• The URL error with the phrase “submitted URL” in the title is another typical URL error. These issues start to show up as soon as Google notices irregular behavior.
  • On the one hand, you requested that Google index the URL, informing it that you want this page to be indexed.
  • However, something else is requesting that Google not index this page. Your robots.txt file may be the cause if it is blocking access to your page or that a meta tag or HTTP header places a “noindex” designation on the website.
  • Google won’t index your URL if the inconsistent message isn’t fixed. Some URL mistakes only affect specific websites. 

We’ll prefer to list these separately for that reason:

URL errors were particular to mobile:

  • This is a reference to crawling issues that only affect a certain page on a modern smartphone.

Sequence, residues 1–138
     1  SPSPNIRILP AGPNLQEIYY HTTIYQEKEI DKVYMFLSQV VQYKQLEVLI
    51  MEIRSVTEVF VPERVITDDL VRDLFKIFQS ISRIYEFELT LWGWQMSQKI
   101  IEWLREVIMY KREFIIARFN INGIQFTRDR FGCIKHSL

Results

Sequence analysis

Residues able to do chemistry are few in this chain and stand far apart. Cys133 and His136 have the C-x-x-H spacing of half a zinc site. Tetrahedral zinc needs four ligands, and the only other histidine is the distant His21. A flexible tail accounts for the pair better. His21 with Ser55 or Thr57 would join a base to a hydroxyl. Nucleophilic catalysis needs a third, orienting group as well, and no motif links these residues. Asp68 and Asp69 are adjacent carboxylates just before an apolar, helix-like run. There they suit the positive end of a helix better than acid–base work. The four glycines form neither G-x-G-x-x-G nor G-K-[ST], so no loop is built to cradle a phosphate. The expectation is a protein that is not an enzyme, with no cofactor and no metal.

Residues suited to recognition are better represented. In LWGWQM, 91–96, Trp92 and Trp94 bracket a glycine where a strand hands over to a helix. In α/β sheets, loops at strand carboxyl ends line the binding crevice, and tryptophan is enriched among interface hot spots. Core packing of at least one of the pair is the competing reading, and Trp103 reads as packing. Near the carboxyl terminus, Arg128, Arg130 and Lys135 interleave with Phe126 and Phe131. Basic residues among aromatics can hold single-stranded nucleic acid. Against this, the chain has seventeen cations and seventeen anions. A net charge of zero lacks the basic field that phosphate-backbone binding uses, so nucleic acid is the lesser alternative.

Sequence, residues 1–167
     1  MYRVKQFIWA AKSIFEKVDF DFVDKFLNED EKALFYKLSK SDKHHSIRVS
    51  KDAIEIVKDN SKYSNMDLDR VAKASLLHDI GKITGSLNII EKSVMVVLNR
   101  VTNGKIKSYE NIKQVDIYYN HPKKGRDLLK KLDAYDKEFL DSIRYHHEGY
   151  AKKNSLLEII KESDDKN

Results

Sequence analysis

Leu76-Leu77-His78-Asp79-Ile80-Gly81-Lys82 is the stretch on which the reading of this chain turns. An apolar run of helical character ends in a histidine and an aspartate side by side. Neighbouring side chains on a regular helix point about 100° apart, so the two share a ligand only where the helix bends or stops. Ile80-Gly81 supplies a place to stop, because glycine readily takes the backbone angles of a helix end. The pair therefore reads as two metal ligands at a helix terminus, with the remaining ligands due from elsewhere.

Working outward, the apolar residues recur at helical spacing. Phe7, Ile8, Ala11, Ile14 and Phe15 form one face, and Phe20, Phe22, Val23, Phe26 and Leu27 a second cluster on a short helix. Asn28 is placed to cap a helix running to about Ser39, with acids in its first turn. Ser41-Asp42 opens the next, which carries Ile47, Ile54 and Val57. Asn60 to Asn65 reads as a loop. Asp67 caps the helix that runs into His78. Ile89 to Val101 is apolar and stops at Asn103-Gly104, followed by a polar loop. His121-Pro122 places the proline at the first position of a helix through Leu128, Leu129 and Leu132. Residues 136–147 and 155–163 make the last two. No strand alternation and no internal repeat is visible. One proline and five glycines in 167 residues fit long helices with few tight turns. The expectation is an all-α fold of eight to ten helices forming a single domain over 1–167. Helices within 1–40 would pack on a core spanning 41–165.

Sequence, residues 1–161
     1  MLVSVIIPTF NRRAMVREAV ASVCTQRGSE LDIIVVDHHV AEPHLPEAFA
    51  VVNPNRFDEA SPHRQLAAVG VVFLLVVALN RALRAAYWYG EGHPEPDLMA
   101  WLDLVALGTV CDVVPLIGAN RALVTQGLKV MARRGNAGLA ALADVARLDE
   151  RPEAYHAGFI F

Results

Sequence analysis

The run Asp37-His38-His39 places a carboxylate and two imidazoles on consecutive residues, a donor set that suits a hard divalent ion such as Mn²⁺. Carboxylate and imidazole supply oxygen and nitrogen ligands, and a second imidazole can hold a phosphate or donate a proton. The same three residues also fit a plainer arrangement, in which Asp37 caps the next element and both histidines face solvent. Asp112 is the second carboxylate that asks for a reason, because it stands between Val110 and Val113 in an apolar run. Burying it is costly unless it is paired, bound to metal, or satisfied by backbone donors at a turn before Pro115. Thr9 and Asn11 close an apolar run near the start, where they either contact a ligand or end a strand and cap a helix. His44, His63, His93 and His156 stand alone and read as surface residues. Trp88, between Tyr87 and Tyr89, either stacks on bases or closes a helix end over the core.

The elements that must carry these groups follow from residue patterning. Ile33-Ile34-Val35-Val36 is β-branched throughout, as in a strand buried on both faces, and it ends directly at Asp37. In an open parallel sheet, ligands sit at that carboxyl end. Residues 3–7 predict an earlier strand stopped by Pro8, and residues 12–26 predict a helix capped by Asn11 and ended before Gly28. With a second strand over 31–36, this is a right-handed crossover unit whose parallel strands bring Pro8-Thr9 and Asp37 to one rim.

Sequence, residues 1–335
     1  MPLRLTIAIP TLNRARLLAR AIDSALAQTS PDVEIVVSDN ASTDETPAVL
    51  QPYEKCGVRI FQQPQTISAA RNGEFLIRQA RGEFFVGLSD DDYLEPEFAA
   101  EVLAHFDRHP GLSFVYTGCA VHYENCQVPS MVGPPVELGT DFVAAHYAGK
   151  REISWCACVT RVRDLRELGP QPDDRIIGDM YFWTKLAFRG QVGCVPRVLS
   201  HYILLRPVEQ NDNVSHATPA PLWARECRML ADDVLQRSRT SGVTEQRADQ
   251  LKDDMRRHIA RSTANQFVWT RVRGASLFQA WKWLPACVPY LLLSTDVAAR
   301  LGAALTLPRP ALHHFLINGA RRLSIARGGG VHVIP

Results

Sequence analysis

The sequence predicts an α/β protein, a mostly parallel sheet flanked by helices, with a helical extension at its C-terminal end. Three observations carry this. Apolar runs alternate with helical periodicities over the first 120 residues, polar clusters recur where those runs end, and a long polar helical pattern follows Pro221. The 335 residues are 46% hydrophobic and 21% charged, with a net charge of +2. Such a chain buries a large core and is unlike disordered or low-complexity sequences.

• These are unlikely to appear on a responsive website.
  • Maybe just for that particular piece of Flash material you previously intended to replace.
  • You can see additional issues if you keep a separate mobile subdomain similar to incorrect redirection from your desktop website to that mobile website.
  • You may have even added a line to your robots.txt to prevent portions of that mobile site.

Malware Errors:

  • Malware errors in your webmaster tools indicate that Google or Bing have discovered harmful software at that URL.
  • This could imply the discovery of software that is employed. For example, to obtain guarded information, or to undermine their operation generally, you must look into that page and get rid of the spyware.

Google News Errors:

  • Some particular Google News inaccuracies exist.
  • If your website is listed in Google News, you may encounter one of the many crawl issues listed in Google’s guidance.
  • They range from problems informing you that your page doesn’t appear to include a news story at all to the absence of a headline.
  • If this pertains to your site, be sure to confirm it for yourself.